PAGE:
As I was trying to explain why anyone would care about a town that failed I came up with the term, “Boutique History.”  I like that.  History is all around us.  I have a book on the history of the Martin Guitar.  I have a book on the history of Burma Shave signs.  You see these kind of things all over.  They are boutique history.  They are valid areas of interest and research but they are only of interest to special groups of people.  Beyond that circle they have no significance.

So read your book about the history of coffee.  Collect early American cook books.  Research the Nash Rambler auto line.  Go for it.  Just don’t get too disappointed when I don’t share your enthusiasm.

homo unius libri

Saturday, August 23, 2014

Opus 2014-216: On the Street: Who Is My Neighbor?

The world is getting smaller. 

How many times have you heard that expressed?  I saw a new example of it recently.  I was doing a quick run through Wal-Mart and as I passed through the produce section I saw a heart warming sign that said they were supporting local farmers.  The items for sale were from our neighbors.  The display was full of bananas.

Are you one of the geographically challenged?  I am sure that most of my students would have not batted an eye.  I guess the managers and clerks thought it was good marketing.  Here is the problem.  To my knowledge, which is admittedly not complete, there are no bananas grown anywhere in the United States.  Certainly none are grown in Southern California.  I looked and I think the fruit was labeled as being from Ecuador.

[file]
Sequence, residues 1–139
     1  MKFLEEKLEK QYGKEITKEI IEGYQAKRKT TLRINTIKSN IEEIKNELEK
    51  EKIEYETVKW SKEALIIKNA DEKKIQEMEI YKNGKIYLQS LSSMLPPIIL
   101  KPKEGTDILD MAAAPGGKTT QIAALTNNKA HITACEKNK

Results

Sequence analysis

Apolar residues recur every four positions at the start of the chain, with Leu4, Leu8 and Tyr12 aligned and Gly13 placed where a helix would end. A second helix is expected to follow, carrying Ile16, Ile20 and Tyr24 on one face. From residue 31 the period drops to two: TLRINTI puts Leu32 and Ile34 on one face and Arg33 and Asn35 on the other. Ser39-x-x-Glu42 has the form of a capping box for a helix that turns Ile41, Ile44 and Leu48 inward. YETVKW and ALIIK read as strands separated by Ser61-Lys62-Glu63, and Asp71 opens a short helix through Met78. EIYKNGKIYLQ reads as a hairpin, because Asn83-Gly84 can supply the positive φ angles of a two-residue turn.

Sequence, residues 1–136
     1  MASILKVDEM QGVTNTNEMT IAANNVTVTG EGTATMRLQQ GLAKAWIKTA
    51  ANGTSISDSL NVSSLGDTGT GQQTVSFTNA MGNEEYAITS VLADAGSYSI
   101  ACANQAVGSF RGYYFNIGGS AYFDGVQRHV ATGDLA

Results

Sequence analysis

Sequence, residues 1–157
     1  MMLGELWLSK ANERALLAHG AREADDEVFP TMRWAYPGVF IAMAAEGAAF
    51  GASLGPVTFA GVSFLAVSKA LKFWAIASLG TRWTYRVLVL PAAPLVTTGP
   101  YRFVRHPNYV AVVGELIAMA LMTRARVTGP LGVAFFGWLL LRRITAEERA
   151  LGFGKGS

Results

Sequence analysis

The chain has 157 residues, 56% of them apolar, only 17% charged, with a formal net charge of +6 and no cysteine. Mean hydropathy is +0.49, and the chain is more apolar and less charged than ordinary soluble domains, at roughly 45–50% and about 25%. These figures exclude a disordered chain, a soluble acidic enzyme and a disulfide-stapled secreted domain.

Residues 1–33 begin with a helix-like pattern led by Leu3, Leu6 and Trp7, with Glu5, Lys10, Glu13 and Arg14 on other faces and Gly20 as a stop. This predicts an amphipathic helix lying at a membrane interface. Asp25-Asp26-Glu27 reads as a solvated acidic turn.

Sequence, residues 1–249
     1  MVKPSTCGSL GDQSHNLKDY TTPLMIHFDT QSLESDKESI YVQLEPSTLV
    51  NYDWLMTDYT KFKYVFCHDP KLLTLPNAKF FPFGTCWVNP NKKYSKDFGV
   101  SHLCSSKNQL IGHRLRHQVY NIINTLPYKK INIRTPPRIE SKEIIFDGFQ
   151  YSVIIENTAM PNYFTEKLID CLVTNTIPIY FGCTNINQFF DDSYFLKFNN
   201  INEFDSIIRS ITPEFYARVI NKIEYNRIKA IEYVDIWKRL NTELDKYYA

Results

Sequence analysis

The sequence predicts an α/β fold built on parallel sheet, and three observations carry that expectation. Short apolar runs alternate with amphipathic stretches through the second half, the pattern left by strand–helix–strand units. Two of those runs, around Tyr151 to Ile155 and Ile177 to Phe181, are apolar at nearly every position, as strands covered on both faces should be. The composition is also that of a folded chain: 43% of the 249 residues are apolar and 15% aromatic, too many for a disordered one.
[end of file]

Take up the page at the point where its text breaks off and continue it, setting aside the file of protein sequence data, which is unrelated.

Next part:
This is not an attack on Wal-Mart.  I am not a Wal-Mart hater.  They carry a lot of low level merchandise but on some things they have the best price.  They do need to go back to school.

But then again, with the level of rigor our schools are showing, that might not help.

homo unius libri

Friday, August 22, 2014

Opus 2014-215: Miracle Workers and Paycheck Gatherers

I have been spending a lot of time this past week at the hospital as my wife went through serious surgery.  There were complications and a second operation.  Things seem to be settling down and she is coming home.

What always amazes me is how modern miracles can exist side by side with age old personality types.

What the doctors can do is awesome.  Major operations without major openings and scars are normal procedure.  Things that were once life ending are now just serious.  Pain medications are met by others drugs for every step of a hospital stay.  Monitors and sensors keep an eye on everything.  Modern science, technology and medical teams work miracles.

In the midst of that you have people.  Some nurses light up the room when they come in and they come in often.  They seem to sense they are needed and demonstrate a genuine concern and compassion.  Aides can make your day doing the little services you can’t do for yourself.  There are some really good people working in the hospitals.

Then there are the ones who have the same training, same titles and plenty of experience but it is just a paycheck.  They always seem to be on lunch break or with another patient.  They do the least that they can and muddle along.  They make being helpless a dreadful experience.

We saw both kinds.  We have survived another crisis.  Our insurance held up and our cars have kept running.  I am looking forward to not getting up at 3:30 to drive across town to meet with the doctors when they make their rounds.  I am also glad it was not me on the table and in the bed.

homo unius libri

Sunday, August 17, 2014

Opus 2014-214: DEFCON: Appearances

What does DEFCON look like?  It generally looks like America except for the male/female ratio.  That is changing as more hackers grow up, get married and bring their wives.  I talked to a lady who was at DEFCON for the first time.  Her children are now grown up enough for her to get away and join us.